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On Rioting and Religious Hatred

Denis GrasskaBy Msgr. Dennis L. Mikulanis

During the night of Nov. 9, 1938, hooligans and thugs throughout Germany attacked Jewish places of business, homes, individuals and synagogues. There was so much broken glass on the streets after the attacks ended that the event was called Kristallnacht, or “Crystal Night.” The Jews were attacked because they were Jews, and because they were offensive to the Nazis simply because they existed. To the shame of the nation, not one single public official spoke out against this outrage. In fact, many public officials, if not outright encouraging the violence, implicitly supported it by their silence.

In the days following Nov. 4, 2008 and the passing of Proposition 8, which amended the state constitution to limit marriage to one man and one woman, people took to the streets in protest, and hooligans and thugs who opposed the proposition began terrorizing Mormon people and institutions, whom the thugs blamed for the proposition’s success.

Never mind the fact that this was a contentious and hard-fought battle, with the pro-8 backers coming from way behind in the initial polls to win 52 percent to 48 percent. Never mind the fact that this is a country of laws and that the laws were followed to place the proposition on the ballot, despite the underhanded actions of the state attorney general, who changed the wording in an attempt to influence the outcome. Never mind the fact that evangelical Christians, Catholics, Orthodox Christians and Mormons worked together in an unprecedented way to see that Proposition 8 passed. None of that matters, it seems, because no sooner had it passed than there were huge demonstrations in the streets protesting the passage, lawsuits filed attempting to overturn the passage and pro-8 people vilified in the press.

Most outrageous of all have been the attacks on the Mormon people and property, vile comments publicly hurled at Mormons, and the Mormon Temple in Los Angeles vandalized and graffitied. The Mormons have been attacked on the video-sharing Web site YouTube and in The New York Times, and some have called for the burning of Mormon stake houses [churches]. To their shame, not one single public official has gone on record condemning this reaction, from our mayors to the governor of our state. Does the rule of law mean nothing? Or is it now the way that, if an election doesn’t turn out the way a group wants, hatred and lawlessness may be used to press their opposition? Why are these things not being dealt with as hate crimes? What is different from Germany, 1938?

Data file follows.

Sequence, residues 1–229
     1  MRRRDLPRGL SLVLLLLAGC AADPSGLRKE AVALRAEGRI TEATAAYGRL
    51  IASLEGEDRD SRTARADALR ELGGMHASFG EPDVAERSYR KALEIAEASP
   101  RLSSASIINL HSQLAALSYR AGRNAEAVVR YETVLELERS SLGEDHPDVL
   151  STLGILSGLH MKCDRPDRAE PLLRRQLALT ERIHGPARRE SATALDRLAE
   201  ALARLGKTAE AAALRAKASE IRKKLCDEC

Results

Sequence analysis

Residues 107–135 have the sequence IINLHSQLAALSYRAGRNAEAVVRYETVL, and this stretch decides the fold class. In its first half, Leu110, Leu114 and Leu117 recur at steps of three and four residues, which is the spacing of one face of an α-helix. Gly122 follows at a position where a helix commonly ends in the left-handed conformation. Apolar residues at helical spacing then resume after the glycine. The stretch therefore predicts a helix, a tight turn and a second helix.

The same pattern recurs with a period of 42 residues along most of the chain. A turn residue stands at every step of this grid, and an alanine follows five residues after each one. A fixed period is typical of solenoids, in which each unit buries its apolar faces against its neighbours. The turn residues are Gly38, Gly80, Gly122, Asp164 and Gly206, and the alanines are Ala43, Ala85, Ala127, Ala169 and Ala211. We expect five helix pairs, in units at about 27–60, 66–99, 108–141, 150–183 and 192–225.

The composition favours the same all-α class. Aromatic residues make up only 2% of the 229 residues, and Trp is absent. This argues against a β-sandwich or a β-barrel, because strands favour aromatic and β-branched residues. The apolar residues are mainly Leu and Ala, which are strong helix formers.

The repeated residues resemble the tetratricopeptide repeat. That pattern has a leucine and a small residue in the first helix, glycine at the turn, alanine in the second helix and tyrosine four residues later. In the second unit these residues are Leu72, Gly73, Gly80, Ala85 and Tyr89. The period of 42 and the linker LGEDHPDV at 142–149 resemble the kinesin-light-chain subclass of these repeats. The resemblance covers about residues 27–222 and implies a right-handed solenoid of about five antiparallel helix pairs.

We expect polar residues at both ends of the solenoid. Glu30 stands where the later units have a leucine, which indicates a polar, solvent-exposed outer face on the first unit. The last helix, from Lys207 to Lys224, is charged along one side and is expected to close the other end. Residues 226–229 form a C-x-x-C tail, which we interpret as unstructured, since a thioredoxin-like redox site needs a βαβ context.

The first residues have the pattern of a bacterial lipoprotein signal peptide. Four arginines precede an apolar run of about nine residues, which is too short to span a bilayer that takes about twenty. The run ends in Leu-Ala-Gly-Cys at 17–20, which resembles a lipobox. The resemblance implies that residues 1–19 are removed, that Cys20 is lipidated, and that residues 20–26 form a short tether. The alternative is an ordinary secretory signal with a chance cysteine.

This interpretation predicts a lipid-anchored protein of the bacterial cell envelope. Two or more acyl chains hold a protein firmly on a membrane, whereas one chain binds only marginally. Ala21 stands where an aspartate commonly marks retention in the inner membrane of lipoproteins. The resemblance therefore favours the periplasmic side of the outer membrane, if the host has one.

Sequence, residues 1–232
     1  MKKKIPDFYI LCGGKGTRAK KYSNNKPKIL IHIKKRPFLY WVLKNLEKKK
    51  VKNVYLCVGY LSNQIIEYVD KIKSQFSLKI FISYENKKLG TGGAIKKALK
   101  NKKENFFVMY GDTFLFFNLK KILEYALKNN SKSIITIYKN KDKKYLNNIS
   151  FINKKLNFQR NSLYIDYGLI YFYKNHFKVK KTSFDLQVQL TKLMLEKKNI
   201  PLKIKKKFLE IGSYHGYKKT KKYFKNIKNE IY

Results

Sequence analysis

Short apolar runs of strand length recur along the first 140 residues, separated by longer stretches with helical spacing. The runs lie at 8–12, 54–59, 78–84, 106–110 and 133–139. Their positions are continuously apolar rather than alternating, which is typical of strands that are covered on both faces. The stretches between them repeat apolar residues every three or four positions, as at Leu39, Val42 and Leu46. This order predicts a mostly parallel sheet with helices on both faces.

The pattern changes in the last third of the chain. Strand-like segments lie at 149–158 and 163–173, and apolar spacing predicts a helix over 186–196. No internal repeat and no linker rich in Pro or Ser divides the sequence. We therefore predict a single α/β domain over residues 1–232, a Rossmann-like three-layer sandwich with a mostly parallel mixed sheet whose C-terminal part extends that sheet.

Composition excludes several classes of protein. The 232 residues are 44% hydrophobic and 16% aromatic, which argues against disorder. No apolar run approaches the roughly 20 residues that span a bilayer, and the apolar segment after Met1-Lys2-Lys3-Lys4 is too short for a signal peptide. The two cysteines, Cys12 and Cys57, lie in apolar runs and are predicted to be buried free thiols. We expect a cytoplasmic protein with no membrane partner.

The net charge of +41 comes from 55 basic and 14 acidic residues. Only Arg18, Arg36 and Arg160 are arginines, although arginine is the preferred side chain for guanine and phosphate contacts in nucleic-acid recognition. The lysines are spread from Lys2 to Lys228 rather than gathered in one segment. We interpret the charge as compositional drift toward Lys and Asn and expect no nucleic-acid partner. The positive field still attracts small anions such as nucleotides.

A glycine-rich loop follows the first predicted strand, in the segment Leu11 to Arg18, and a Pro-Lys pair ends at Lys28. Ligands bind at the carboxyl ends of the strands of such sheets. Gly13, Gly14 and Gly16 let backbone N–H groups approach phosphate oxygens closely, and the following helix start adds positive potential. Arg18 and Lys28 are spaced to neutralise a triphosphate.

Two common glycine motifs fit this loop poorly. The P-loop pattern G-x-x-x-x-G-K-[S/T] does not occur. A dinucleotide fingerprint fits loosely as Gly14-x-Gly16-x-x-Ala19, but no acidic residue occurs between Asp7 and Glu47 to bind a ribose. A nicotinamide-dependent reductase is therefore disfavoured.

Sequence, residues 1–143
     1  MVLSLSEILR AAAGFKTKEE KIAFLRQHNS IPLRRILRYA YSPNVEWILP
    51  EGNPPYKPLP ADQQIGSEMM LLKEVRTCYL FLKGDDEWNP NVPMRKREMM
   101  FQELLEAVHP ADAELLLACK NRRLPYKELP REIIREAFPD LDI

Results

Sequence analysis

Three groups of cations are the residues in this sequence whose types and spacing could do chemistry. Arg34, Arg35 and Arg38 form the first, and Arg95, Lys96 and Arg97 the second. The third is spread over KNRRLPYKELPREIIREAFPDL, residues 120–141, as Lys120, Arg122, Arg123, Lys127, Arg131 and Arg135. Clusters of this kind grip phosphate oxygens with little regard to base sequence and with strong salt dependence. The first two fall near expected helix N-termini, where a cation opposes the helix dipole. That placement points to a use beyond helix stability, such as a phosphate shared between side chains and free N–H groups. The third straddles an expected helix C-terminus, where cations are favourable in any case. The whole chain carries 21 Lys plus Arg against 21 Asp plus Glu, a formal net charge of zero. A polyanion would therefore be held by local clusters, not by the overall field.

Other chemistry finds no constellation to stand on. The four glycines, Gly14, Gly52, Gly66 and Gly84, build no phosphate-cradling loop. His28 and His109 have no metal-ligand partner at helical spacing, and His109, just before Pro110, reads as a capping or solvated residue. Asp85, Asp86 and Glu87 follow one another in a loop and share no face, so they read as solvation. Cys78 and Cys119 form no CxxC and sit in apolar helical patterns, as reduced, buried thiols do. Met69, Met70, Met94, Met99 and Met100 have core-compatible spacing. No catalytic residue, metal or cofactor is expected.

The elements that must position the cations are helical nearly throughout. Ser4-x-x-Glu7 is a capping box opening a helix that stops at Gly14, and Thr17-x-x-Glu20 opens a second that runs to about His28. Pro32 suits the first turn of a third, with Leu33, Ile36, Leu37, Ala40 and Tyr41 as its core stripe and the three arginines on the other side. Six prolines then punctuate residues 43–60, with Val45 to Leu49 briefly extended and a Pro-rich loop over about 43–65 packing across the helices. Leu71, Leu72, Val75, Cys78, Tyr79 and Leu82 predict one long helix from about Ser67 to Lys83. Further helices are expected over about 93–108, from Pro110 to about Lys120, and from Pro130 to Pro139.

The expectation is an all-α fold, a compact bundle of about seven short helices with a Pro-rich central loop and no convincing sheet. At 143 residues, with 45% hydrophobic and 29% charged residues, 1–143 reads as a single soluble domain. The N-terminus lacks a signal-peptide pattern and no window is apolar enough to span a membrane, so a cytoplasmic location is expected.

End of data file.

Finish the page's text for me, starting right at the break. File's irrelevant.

Though we do not accept or believe Mormon dogma and teaching, common decency and Christian morality demand that we stand by them in solidarity and support. If we allow the Mormons to be vilified simply because they were part of a coalition that won a political contest by legal means, when will their opponents turn their hate-filled actions against us?

As Catholic people, we condemn the attacks against the Church of Jesus Christ of Latter-Day Saints and call on our civil authorities to abide by the law they are sworn to uphold and protect the rights and dignity of everyone, not just a special interest group they select.

The Southern Cross

This commentary first appeared in the November 2008 issue of The Southern Cross.

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